With all the hype in the media about exotic dark matter, little attention has been given to what is called ordinary dark matter.
Cosmologists tell us that our universe is made up of 4% ordinary matter, 22% dark matter, and 74% dark energy. The latter two components are “exotic” in that scientists can only speculate regarding their composition or how they originate. While the ordinary matter, consisting of protons, neutrons, and electrons, which we understand, is only a small part of the whole, it also has a dark component. It turns out that about half of the ordinary matter can be accounted for in the stuff we see, like stars and glowing gas and dust. But the other half, probably because it has been too low in density, is unaccounted for. Until now!
Using the European Space Agency’s (ESA) orbiting X-ray observatory called the XMM-Newton, a team of Dutch and German astronomers has discovered part of the missing ordinary dark matter in our universe. In the May issue of Astronomy & Astrophysics Letters, they report observing a filament of hot gas connecting two clusters of galaxies. The existence of this hot gas, with temperatures in the range of 100 thousand to 10 million degrees Celsius, was predicted by astronomers at least 10 years ago as a possible source for the missing ordinary dark matter. Normally such gas would be difficult to detect, but by viewing a bridge of this material linking two clusters of galaxies, Abell 222 and Abell 223 situated about 2.3 billion light-years away, in a somewhat “end-on” fashion, the gas density was high enough to be visible in their instrument.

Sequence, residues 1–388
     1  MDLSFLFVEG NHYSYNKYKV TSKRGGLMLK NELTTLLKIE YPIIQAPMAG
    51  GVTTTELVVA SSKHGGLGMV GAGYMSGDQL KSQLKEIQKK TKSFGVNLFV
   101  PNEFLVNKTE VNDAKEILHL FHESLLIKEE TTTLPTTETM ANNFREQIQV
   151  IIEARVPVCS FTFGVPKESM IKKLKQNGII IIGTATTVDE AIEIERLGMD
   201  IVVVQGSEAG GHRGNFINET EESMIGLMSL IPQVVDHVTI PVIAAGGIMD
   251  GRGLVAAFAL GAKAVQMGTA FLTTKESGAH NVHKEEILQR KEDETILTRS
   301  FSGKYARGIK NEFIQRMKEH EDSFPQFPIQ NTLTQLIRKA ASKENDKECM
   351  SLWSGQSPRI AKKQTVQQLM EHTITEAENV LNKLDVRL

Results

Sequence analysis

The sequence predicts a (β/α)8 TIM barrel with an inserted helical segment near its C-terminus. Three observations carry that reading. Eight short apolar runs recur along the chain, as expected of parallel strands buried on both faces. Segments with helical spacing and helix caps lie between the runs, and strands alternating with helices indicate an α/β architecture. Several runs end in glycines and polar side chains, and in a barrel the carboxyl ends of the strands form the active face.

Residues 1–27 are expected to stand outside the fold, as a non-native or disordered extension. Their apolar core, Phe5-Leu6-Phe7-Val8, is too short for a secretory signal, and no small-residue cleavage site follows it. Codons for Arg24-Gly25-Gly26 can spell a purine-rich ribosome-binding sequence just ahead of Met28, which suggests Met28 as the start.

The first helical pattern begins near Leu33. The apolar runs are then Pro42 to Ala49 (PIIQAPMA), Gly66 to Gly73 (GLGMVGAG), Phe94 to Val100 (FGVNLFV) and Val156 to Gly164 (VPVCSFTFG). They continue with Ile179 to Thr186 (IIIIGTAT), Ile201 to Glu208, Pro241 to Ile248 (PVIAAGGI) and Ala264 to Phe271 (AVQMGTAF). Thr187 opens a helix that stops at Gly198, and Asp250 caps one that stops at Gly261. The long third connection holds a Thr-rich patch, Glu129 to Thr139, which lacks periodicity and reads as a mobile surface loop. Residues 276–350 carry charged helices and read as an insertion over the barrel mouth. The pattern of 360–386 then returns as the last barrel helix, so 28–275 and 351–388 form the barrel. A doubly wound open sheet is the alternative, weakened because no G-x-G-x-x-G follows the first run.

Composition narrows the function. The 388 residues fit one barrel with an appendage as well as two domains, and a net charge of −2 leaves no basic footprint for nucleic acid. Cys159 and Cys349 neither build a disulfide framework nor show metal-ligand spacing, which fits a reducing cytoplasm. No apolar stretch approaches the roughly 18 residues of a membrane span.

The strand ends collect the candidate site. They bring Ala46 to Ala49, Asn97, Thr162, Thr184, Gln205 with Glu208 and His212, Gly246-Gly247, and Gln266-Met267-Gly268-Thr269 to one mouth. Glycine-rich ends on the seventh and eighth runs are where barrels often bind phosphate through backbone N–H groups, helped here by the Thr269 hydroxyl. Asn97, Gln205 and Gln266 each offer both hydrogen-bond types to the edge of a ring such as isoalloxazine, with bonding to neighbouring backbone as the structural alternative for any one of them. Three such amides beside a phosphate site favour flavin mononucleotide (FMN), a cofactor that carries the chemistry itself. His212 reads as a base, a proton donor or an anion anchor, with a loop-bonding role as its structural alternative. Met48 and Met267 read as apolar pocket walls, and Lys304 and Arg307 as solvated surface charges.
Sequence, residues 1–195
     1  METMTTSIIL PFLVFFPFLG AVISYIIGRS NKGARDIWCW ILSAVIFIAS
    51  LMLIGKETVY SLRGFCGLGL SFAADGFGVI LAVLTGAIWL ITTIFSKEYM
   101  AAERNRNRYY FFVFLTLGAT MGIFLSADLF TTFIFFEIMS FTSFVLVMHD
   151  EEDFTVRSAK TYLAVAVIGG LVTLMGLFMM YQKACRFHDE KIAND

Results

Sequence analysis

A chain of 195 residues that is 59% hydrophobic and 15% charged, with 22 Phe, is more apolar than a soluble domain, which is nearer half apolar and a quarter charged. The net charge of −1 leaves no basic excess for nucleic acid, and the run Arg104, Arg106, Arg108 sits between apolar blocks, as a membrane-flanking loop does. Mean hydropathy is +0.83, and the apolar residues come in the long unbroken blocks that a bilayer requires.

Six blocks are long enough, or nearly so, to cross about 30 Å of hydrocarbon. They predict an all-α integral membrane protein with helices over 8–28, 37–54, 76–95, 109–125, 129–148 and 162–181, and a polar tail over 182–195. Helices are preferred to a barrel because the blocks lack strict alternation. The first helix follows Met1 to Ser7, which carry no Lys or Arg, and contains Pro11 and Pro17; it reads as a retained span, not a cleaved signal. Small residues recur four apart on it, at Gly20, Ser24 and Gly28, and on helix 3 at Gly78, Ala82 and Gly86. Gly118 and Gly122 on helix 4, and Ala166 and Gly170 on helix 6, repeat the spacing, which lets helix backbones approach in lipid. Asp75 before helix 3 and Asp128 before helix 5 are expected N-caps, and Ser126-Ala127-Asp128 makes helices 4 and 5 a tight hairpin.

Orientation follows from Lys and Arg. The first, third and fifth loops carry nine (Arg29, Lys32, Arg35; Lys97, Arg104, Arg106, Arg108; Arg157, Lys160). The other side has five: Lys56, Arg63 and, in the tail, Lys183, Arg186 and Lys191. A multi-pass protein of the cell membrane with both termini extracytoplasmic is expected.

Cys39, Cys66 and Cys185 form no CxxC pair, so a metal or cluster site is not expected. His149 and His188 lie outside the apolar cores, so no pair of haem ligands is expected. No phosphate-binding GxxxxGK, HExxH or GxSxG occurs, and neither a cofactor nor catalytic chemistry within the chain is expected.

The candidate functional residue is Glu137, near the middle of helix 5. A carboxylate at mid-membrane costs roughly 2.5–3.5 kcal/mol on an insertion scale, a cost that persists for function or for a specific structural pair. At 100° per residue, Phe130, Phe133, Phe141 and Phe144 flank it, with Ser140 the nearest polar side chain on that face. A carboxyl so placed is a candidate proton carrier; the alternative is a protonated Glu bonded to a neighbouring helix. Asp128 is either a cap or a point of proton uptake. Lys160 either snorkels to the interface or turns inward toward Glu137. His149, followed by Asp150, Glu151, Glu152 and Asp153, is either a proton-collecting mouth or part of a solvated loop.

The authors point out that matter in the universe is distributed in a web-like structure with clusters of galaxies located at the dense nodes of this cosmic web. Prior to this discovery, scientists had suggested that the missing ordinary matter may be found in the filaments joining the nodes. This is exactly what the astronomers observed. Their discovery marks a step toward understanding the distribution of matter within the large-scale structure of the universe.
While the discovery of exotic aspects of our universe carries more public appeal, understanding the makeup and structure of every component is necessary for establishing a credible model. These results support the highly fine-tuned big bang inflationary model for our universe, and add to the growing body of evidence that we are here for a purpose.